Your application must be safeguarded as confidential, so only those on your employer’s staff having a need to know of your application are supposed to have access to it. These individuals would include Human Resources personnel who gather, process, and keep records relating to your application and the decision-maker(s) within the organization who are charged with the responsibility of granting or denying your request.

You are entitled to a reasonably prompt reply when you make an application. If you suspect your employer is deliberately delaying or dragging its heels just to avoid having to make a decision, you should consult a employee rights lawyer about recourse you may have in this instance.

Your employer may have questions for you as the process of making a decision on your application unfolds. This is normal and to be expected. However, those questions must pertain to the condition(s) precipitating your need to make application for FMLA leave in the first place, the nature and scope of your requested leave, and the justification for your request to take as much leave as you are requesting.

Of course, your employer cannot discriminate against you or use your application as cause to retaliate against you for some unrelated aspect of your employment relationship as it makes decisions on your application. In other words, the decision to grant or deny a request for FMLA leave must be based on the grounds supporting the request and not on such extraneous factors as an unfavorable employment review, or enrollment in a probationary period, or participation in a performance improvement program, or dissatisfaction with the employee’s having made or cooperated in making complaints stemming from alleged violations of the law or company policy.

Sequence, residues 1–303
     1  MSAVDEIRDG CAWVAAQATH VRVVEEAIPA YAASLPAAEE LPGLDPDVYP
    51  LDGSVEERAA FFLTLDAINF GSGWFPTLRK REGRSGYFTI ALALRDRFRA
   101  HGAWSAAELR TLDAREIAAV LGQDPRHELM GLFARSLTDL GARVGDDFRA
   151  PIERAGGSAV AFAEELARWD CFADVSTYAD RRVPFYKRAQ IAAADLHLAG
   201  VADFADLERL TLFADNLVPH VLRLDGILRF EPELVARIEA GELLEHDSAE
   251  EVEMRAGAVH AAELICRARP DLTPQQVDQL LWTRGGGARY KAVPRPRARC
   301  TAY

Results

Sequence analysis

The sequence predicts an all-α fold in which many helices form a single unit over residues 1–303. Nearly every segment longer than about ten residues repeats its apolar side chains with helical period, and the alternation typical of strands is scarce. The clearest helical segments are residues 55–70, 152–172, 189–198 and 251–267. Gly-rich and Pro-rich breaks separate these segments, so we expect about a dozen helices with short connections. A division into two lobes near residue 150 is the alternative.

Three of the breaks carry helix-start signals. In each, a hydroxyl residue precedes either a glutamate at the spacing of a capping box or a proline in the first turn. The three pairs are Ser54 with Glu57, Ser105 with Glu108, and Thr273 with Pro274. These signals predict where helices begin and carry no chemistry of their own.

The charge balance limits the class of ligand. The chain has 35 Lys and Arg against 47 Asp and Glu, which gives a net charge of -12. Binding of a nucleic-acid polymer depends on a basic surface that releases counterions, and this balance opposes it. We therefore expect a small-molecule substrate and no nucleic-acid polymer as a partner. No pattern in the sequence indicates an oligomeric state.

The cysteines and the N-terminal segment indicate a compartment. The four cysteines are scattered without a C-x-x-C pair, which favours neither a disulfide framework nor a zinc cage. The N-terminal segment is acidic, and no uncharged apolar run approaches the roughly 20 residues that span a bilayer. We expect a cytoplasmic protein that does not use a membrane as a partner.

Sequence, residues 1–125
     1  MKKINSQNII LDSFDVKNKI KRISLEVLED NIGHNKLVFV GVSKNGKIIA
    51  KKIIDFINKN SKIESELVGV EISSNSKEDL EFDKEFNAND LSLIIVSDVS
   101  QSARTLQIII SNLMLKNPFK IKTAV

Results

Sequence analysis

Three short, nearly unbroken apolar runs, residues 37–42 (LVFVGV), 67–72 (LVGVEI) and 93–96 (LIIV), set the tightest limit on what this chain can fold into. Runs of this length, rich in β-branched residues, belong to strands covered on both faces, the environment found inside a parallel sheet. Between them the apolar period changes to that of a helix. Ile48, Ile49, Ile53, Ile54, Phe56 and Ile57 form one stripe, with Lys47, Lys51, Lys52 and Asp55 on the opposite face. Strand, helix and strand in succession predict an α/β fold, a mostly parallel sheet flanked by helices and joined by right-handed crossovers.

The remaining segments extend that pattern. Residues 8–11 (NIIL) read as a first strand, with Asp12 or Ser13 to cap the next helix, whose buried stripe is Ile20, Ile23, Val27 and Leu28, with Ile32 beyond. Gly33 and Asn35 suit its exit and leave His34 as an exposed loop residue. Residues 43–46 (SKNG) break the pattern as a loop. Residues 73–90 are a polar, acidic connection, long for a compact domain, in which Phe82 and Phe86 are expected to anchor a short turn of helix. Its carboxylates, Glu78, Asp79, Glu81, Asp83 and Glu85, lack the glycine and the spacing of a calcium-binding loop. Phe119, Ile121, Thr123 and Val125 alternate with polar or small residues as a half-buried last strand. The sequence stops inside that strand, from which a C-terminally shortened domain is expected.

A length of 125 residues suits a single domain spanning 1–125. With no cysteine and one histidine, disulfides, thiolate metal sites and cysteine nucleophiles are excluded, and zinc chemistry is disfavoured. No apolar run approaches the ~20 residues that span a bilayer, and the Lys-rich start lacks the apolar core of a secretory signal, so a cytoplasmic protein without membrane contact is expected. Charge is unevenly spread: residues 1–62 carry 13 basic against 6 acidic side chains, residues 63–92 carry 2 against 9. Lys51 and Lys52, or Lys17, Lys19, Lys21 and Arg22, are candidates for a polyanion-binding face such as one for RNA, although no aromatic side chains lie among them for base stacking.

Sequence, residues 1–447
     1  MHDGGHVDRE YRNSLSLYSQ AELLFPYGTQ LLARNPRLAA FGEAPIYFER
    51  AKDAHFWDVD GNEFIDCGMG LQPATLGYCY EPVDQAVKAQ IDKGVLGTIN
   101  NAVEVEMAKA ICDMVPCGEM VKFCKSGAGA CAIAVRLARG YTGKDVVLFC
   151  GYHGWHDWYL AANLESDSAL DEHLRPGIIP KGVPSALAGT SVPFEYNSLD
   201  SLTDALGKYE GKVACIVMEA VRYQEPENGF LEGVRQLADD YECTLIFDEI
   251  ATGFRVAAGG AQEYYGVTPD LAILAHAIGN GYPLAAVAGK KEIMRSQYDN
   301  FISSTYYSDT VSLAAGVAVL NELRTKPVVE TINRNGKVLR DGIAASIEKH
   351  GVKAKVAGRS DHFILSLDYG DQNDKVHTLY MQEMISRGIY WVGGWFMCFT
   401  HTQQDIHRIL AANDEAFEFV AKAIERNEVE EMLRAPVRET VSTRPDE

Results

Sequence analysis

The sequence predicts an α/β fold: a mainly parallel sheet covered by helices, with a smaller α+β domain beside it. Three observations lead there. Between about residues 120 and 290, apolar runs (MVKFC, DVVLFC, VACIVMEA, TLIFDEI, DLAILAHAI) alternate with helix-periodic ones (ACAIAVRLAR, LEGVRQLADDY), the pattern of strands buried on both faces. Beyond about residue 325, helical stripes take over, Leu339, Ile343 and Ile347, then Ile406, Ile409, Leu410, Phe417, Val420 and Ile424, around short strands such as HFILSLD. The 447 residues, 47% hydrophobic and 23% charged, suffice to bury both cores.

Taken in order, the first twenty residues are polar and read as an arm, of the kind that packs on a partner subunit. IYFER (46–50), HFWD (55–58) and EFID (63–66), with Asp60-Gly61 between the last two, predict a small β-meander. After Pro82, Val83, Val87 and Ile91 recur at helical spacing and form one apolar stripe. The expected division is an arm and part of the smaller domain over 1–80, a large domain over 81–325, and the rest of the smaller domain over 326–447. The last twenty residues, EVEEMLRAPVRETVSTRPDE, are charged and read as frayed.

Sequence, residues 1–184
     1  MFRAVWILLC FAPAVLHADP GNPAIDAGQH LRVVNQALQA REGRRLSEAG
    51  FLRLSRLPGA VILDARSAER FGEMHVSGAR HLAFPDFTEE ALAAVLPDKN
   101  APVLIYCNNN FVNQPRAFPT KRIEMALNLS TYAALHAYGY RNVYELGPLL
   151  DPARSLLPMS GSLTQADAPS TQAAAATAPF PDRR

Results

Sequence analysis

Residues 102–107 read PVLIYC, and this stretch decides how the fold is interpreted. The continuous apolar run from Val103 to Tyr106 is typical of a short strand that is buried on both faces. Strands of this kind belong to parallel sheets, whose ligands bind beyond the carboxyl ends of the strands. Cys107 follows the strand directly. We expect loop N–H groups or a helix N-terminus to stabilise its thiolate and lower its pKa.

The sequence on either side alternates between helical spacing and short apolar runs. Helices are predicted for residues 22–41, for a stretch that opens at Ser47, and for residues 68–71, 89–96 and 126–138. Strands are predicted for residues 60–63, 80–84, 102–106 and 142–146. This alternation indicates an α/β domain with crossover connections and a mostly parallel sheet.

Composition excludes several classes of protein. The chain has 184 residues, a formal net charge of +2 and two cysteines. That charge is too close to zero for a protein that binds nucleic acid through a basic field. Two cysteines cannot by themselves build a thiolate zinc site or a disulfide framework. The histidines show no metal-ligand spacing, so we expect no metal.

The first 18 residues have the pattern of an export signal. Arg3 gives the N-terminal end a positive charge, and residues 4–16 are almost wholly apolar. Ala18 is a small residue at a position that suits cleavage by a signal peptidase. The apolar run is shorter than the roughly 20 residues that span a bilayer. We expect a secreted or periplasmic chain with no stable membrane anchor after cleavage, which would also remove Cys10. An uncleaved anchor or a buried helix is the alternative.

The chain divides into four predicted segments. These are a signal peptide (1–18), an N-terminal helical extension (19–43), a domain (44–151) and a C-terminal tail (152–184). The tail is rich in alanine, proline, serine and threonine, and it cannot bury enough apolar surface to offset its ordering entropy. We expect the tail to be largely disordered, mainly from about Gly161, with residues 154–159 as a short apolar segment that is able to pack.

What You Can Expect if Leave Is Granted

Your leave will be without pay unless your employer has a policy providing otherwise. If you qualify for short-term disability benefits, you may collect such benefits during your period of FMLA leave, but the 12-week maximum leave period runs simultaneously with your benefits period. If you believe you may qualify for short-term disability benefits, you should review your options with the administrator of the short-term disability program and/or an employee rights lawyer to make sure your rights and interests are not compromised.

Although your employer is not required to pay you during your period of FMLA leave, it must keep you enrolled in any group healthcare plan maintained during the period of leave.

Your position with the employer may be temporarily filled by someone else, but generally speaking you position is to be reserved for you while you are on FMLA leave or you will be offered an equivalent position, if available, upon your return.

Nevertheless, your employer still can make certain decisions about your position that management otherwise reasonably would have been able to make while you were on leave.

For example, your position could be eliminated while you are on FMLA leave, but only if that decision would have been reasonable under the circumstances if you had not been granted leave. If your position is eliminated while you are on FMLA leave, your employer should determine whether another suitable position in the organization could be made available to you upon your return assuming you qualify for such position, but management is not required to move one of your co-workers out of his or her position just to accommodate your return.

Additionally, you could be terminated while on leave if it would have been reasonable for management to take such action even if you had not been on leave at the time of your discharge. For example, an employer discovering that an employee on FMLA leave has been stealing property or falsely reporting hours worked can be subjected to immediate dismissal because the law does not require the employer in such circumstances to defer the decision to discharge until after the approved period of FMLA leave expires.